There are other names for this. Scaffolding comes to mind. It’s a simple idea, at least initially. You could break down a complex task and direct the students through the successive steps. Or every class you can add on to what was done previously. The idea of building on to past work, to create a series of steps that are linked, can be applied to much more than vocabulary. It touches everything from pronunciation to fluency work to exploring nuances of concept and detail. What can be particularly exciting is when you and the students begin integrating various facets and their gestalt creates an impression that is not easily forgotten.
There are a few considerations that I’d like to bring attention to that might help the teacher in deciding how to focus on this aspect of building while designing an activity.
Dedicate some time to carefully run through in your mind the objectives and logistics (how the students move around or interact, the accessibility of anything that might be needed, how effective or fluently the activities will work out) to better enable you to predict the flow and the potential difficulties that students may encounter. If there seem to be some unclear, undeveloped or hindering elements, make adjustments to make it a cleaner, smoother lesson plan.
Give them the necessary materials to work with. This includes
to ideas, reminders, modelled examples, course books, boardwork, links to websites
● A learner-friendly environment
that encourages interaction & exploration
Ex: space, table arrangement, lighting, music/noise, support & encouragement
that are needed to work with ( objects such as realia or flashcards, photocopies, prior preparation)
clear objectives and instructions as well as ongoing monitoring & guiding the students
This can incorporate a number of ideas.
Repetition is essential. People need time and familiarity before something can be reasonably assimilated.
Individuals can vary in their interests and how something can be appealing or motivating for them. Be prepared to fine-tune or improvise to the situation and to the interests and abilities of those participating.
What has been learned can be taken into new and different areas. This could be a direct extension as in after students do pair-work giving directions using photocopies, they step out of the class and give directions to the nearest toilets or to a building in the neighbourhood. Or it could be a new application such as after learning the basic conditionals the students in small groups imagine they are to share an apartment and must negotiate who does what housework (using conditionals at times).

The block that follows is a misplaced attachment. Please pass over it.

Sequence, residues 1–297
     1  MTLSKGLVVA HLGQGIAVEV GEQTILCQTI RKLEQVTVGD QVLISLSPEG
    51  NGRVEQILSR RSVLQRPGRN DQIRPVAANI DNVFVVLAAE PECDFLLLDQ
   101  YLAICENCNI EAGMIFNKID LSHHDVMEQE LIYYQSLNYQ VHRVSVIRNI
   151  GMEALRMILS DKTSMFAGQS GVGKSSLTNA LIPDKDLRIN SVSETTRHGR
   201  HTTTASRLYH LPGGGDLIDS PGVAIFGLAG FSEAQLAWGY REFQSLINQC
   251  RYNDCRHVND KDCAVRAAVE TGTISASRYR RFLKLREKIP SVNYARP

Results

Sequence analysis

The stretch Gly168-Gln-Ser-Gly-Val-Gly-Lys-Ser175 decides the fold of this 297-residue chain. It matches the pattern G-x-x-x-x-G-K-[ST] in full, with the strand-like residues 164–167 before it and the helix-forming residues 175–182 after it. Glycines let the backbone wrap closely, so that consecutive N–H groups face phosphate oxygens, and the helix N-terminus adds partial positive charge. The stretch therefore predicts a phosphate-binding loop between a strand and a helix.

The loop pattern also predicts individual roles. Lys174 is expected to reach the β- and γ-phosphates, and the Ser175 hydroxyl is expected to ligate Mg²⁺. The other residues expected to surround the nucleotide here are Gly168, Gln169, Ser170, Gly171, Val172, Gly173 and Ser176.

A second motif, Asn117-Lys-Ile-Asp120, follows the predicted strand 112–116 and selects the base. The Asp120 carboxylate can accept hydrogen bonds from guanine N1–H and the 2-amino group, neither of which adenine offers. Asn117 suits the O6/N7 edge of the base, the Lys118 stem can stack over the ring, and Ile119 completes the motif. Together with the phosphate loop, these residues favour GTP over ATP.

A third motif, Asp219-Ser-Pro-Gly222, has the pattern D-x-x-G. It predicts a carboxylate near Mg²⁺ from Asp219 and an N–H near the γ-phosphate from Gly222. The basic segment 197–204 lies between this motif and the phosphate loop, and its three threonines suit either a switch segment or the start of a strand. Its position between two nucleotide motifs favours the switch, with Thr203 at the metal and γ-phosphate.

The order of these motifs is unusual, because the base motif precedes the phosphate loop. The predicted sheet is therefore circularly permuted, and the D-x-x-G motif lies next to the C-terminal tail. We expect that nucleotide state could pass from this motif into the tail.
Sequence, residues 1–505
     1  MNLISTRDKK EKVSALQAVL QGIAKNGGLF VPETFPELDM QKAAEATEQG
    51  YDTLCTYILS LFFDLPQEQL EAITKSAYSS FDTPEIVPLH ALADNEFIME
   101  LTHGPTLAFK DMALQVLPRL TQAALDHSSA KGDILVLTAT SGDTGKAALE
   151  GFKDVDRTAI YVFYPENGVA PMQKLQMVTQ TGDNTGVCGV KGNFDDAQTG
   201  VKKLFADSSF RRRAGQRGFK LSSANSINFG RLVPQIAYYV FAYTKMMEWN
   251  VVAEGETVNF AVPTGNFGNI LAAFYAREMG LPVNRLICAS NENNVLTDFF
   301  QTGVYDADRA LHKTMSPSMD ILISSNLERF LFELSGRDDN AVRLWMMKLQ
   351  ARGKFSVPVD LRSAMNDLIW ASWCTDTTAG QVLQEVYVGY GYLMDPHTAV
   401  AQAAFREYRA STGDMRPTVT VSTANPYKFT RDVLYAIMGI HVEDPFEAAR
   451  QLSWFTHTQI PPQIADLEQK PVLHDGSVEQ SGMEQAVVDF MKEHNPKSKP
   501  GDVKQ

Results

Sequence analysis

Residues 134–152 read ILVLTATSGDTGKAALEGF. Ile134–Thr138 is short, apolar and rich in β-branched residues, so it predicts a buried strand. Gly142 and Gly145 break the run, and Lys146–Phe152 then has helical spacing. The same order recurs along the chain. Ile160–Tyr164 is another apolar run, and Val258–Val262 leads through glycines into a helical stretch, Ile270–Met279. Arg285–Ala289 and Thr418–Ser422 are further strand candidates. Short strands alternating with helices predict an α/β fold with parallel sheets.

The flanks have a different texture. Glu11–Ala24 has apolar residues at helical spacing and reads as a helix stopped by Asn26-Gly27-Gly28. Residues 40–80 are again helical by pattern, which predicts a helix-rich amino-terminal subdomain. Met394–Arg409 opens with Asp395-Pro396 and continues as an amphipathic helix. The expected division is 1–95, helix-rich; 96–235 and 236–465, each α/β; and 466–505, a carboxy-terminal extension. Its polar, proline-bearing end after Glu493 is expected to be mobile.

Besides providing motivation, clarity of objectives and an incentive for the students to study and revise, testing can help both the teacher and the student to evaluate their progress and see where further practice may be needed. Students can test each other’s working knowledge as well. For example, they could make up their own tests, and in so doing, carefully consider some aspects of the language they may have been less attentive to before. Or in a pair-work speaking activity they could playfully ask their partners questions that are a little more demanding or more customized to something they would like to explore.
●Feedback and class discussions
Going over what has recently been done can give insight into the language and how one uses it. It can provide clues on how to improve one’s skills and approach and demonstrate that one can indeed fare well in tasks that may seem daunting at first. It can also supply the language learner with convenient references for the next time s/he may find herself/himself in a situation where such skills and knowledge could be useful.
●Teacher’s private reflection
If things didn’t turn out as hoped or expected, it could be useful to explore why something happened or didn’t happen. The teacher could also take this opportunity to consider what has worked well and why, to become better acquainted with the dynamics of teaching and learning. This can be very beneficial when trying to predict how successful an activity may go over in the classroom, and out of it when the student tries to apply those learnings in the ‘real world’.
AN EXAMPLE OR TWO IN THE LESSON PLANS
See how the teaching idea can be used in a classroom activity